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Tissue engineered artificial ovary could help infertile women.

An "artificial human ovary" using a tissue engineering approach that researchers hope will one day allow scientists to mature human eggs in a laboratory has been created by a research team at Brown University in Providence, RI.. An artificial ovary, where immature eggs could be procured by the thousands and then matured at will in the laboratory, would open up huge possibilities for the one in 1,000 women who need it, said Stephan Krotz, lead author of an article appearing in the current issue of the Journal of Assisted Reproduction and Genetics. The Brown researchers' innovation involved using a honeycomb-shaped mold to support the immature egg. Human eggs are too large to be grown without some kind of support structure. "If you try to grow it by itself, in a dish, it basically collapses on itself," said Krotz. Researchers broke ovarian cells out of human tissue using enzymes, and poured them into a mold made of agar, a gelatinous substance usually derived from algai. The different types of cells then assembled themselves into a honeycomb shape.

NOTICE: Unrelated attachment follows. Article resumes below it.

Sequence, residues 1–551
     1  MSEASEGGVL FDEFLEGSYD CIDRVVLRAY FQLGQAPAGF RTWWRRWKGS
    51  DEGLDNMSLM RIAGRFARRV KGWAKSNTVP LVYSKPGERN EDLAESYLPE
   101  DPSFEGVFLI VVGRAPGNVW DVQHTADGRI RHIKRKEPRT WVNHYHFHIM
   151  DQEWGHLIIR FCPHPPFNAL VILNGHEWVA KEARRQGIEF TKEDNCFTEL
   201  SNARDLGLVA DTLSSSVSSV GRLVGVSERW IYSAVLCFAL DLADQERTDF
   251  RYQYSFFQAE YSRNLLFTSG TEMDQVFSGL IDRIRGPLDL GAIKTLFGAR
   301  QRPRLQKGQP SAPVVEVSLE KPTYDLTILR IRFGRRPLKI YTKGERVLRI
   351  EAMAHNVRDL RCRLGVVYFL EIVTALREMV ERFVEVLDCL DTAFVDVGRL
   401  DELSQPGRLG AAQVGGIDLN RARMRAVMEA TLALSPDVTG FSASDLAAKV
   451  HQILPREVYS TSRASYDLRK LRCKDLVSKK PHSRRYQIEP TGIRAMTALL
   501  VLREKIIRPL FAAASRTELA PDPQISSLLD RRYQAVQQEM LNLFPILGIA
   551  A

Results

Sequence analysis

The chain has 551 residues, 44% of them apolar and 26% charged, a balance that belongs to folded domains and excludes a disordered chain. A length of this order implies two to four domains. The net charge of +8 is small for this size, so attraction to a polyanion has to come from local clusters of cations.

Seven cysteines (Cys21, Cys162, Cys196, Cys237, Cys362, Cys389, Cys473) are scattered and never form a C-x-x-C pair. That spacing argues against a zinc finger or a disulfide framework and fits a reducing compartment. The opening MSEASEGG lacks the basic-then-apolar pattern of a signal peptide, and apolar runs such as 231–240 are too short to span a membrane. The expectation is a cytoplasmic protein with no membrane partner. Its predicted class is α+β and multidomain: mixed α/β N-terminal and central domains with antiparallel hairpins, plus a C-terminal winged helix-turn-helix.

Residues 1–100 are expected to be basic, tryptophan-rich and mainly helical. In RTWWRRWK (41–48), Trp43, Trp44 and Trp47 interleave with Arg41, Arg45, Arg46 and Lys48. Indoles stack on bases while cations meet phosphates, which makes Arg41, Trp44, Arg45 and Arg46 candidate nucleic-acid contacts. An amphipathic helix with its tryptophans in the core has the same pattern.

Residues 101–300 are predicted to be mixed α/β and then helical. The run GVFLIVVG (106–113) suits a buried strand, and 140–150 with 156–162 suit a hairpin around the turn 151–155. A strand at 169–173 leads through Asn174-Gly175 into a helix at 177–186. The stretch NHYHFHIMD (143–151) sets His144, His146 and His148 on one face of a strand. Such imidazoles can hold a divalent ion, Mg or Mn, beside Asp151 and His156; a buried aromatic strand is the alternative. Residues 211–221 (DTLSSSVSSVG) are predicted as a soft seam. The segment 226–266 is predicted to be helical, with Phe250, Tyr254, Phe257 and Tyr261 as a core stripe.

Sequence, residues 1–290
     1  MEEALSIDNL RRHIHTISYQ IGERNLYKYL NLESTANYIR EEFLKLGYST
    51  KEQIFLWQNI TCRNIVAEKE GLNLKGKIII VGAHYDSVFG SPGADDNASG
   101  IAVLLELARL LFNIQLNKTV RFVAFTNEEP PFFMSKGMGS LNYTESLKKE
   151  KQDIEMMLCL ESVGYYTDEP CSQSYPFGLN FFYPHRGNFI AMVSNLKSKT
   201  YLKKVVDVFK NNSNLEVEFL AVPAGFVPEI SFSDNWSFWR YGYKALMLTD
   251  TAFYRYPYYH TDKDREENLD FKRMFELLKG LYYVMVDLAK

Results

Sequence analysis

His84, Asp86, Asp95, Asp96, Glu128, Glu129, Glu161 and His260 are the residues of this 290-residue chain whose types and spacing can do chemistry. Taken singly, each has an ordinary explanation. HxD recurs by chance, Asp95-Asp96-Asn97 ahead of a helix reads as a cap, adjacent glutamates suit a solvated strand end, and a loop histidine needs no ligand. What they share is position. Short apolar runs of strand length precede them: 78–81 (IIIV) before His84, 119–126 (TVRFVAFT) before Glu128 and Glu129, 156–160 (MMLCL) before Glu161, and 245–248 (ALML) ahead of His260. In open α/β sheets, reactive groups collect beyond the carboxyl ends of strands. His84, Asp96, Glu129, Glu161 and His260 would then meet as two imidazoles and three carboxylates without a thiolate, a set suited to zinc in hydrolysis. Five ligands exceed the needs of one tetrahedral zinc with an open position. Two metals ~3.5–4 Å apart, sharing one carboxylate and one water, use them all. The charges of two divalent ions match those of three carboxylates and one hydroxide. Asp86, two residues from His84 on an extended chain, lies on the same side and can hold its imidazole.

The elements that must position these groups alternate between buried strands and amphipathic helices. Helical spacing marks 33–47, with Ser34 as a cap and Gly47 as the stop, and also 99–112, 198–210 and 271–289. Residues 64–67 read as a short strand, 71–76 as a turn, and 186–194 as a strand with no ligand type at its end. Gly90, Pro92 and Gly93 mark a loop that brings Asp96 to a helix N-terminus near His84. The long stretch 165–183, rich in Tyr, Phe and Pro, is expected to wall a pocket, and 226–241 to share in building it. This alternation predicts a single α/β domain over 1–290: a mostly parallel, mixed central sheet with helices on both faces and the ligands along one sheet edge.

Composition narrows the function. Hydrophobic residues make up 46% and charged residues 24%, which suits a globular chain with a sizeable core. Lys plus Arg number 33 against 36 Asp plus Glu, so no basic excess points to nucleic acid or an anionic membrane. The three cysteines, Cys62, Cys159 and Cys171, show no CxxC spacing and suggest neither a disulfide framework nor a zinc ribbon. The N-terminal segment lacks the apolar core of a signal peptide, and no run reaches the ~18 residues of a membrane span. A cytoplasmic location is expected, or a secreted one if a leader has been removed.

The creation of an artificial ovary marks the first time researchers have successfully created a three-dimensional environment that contains the three main types of ovarian cells: theca cells, granulose cells, and the eggs or oocytes. Dr. Alan Cooperman, director of infertility at Mt. Sinai Medical Center in New York, predicted the clinical benefits are yeas and many scientific hurdles away, but said he's impressed by the research potential of the group's work, according to Technology Review. "The concept of creating an artificial three-dimensional environment and the fact that we can take out immature eggs and let them grow and mature into viable eggs, is really exciting," Cooperman said. (09/24/10)
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Publication:Transplant News
Date:Oct 1, 2010
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